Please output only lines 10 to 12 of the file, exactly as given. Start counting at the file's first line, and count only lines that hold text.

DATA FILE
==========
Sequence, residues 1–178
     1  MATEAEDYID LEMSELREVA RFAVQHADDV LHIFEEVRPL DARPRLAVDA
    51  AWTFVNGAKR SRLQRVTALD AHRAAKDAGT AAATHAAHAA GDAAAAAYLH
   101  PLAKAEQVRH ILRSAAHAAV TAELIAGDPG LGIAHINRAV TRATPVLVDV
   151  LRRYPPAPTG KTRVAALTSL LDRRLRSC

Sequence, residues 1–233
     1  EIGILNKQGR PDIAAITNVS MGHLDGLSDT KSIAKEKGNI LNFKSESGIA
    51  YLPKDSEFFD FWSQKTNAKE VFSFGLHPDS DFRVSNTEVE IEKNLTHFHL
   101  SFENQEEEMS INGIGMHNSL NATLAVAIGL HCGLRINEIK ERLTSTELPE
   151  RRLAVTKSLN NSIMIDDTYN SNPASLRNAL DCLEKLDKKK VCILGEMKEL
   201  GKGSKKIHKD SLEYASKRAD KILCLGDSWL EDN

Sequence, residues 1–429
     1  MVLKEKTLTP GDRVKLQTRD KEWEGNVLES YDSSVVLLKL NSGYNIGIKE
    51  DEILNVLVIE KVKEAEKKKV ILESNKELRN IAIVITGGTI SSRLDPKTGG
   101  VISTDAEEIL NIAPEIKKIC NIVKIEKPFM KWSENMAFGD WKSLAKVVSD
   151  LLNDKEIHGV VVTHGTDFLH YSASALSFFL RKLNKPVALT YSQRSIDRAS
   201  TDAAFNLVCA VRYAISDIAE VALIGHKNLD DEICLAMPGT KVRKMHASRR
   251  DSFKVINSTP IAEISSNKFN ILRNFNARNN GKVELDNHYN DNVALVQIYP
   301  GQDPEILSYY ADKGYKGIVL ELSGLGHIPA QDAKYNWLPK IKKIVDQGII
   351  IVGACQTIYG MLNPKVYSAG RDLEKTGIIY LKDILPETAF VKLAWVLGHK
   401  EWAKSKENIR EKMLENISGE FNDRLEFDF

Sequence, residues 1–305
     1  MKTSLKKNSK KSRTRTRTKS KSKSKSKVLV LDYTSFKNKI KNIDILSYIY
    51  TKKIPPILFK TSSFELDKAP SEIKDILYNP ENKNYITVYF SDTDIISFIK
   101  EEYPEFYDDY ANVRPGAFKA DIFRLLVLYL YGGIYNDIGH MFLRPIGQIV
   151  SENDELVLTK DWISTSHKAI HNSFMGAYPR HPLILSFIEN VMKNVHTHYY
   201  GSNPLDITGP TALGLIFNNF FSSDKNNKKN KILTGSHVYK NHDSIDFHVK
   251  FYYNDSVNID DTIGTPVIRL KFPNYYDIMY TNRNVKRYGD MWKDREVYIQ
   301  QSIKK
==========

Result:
   151  RRLAVTKSLN NSIMIDDTYN SNPASLRNAL DCLEKLDKKK VCILGEMKEL
   201  GKGSKKIHKD SLEYASKRAD KILCLGDSWL EDN

Sequence, residues 1–429